Just like a traditional electronic transaction, there are four parties involved:
- The merchant sets the total purchase amount on the terminal and the customer presents their card.
- The card information is sent to the card-issuing bank. If the information is valid, payment is approved and the second part of the process begins.
- Next, the money is transferred in the opposite direction, from the bank, through the acquirer, and to the merchant’s bank account.
- When the merchant receives payment, the process is complete.
The way the transaction data is sent depends on the type of contactless payment:
1 | Contactless bank cards Credit or Debit Cards
waves. The card also has an antenna in the plastic designed to secure the connection with a card
reader. The technology at play here is called near field communication, or NFC for short.
2 | Smartphones & Wearables (eWallets)
Once the NFC chip is held within close proximity of a reader, it begins a wireless data transfer. These devices usually require biometric authentication (such as fingerprint scan or facial recognition) to authorise the payment – but also an on-screen PIN can be requested for security.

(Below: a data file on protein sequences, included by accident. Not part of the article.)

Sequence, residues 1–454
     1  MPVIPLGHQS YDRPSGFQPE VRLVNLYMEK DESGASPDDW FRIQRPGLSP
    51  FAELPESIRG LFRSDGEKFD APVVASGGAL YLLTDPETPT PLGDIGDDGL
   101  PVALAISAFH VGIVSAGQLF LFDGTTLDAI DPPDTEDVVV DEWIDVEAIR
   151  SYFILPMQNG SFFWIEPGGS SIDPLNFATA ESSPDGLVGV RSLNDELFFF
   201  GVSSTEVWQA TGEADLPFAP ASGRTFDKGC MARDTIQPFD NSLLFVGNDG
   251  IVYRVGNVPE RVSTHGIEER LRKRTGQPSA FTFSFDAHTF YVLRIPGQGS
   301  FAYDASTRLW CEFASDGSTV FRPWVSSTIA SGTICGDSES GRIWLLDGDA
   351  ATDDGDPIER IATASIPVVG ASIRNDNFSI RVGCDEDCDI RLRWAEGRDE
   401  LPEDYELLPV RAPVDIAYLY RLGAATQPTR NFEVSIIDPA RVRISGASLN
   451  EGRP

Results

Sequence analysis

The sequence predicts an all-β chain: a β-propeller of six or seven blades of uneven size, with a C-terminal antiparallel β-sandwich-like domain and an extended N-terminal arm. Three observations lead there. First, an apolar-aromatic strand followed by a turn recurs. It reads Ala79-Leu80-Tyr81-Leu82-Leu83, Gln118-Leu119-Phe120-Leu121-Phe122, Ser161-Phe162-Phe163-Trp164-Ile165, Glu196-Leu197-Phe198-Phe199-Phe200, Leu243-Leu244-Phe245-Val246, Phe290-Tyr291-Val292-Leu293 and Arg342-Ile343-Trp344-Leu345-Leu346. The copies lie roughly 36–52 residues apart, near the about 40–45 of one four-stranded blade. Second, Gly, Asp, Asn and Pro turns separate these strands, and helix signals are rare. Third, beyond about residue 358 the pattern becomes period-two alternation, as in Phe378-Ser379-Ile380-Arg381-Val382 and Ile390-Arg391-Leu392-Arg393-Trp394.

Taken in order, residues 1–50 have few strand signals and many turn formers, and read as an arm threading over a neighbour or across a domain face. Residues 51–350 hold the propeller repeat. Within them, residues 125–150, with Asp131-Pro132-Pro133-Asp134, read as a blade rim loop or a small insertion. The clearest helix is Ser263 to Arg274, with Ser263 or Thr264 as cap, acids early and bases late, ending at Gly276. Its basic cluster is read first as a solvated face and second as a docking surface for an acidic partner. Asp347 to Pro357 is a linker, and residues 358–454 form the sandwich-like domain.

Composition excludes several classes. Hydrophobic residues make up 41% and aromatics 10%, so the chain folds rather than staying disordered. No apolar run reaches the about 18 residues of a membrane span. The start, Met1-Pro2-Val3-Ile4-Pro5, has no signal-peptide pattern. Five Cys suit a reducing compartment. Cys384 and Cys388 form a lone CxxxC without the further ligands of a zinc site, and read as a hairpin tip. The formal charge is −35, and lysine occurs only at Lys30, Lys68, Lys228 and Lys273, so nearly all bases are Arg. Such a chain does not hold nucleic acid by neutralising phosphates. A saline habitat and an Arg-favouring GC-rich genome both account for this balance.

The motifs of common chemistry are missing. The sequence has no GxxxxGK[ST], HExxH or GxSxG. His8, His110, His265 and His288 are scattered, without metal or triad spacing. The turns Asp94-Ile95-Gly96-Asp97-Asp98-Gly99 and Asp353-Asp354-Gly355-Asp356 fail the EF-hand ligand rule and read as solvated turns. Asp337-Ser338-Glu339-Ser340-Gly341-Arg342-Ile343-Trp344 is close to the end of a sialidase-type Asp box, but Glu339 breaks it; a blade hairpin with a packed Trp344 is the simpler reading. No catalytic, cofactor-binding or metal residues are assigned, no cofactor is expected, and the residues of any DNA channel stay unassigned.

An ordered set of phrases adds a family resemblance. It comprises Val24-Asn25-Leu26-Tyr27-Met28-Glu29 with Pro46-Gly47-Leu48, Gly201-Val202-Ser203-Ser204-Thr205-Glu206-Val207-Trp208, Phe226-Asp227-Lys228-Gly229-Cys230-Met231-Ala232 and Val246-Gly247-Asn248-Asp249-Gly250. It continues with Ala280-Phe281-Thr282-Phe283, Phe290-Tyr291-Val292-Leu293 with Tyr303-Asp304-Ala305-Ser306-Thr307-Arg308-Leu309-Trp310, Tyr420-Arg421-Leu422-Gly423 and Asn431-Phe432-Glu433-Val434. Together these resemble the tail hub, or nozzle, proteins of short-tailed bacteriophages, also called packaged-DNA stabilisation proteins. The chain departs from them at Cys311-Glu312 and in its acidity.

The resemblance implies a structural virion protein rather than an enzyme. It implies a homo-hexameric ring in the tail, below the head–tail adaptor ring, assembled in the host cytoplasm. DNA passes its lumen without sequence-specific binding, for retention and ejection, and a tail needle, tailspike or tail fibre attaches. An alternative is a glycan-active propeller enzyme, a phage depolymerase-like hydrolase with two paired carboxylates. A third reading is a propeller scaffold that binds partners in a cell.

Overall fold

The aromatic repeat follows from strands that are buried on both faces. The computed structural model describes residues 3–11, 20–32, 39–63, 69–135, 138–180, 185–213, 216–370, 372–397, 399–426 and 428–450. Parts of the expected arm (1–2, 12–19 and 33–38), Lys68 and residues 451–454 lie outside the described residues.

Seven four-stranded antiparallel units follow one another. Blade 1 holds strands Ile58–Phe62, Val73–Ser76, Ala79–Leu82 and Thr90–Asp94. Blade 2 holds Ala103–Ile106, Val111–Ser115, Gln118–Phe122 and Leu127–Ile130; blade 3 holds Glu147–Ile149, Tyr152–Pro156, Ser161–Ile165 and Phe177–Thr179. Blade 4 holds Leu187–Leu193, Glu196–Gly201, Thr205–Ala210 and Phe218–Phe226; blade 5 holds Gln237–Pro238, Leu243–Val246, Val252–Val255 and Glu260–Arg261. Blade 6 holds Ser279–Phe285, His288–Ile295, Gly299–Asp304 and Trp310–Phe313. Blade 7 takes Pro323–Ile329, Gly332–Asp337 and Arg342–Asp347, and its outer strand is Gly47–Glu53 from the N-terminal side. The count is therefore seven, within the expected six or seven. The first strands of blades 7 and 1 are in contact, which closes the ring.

3 | QR Code (Payment Apps)
Although not as popular as cards or NFC-equipped devices, QR (quick response) codes are still a viable option for accepting contactless payments. QR codes store hundreds of times more information than traditional vertical barcodes and can be scanned both from screens and printouts.
Most smartphones using the latest software can scan QR codes from directly within the main camera app, meaning there’s no need for third-party apps. Your customer would simply open the camera, point it at the code, and follow the instructions on their device to complete the transaction.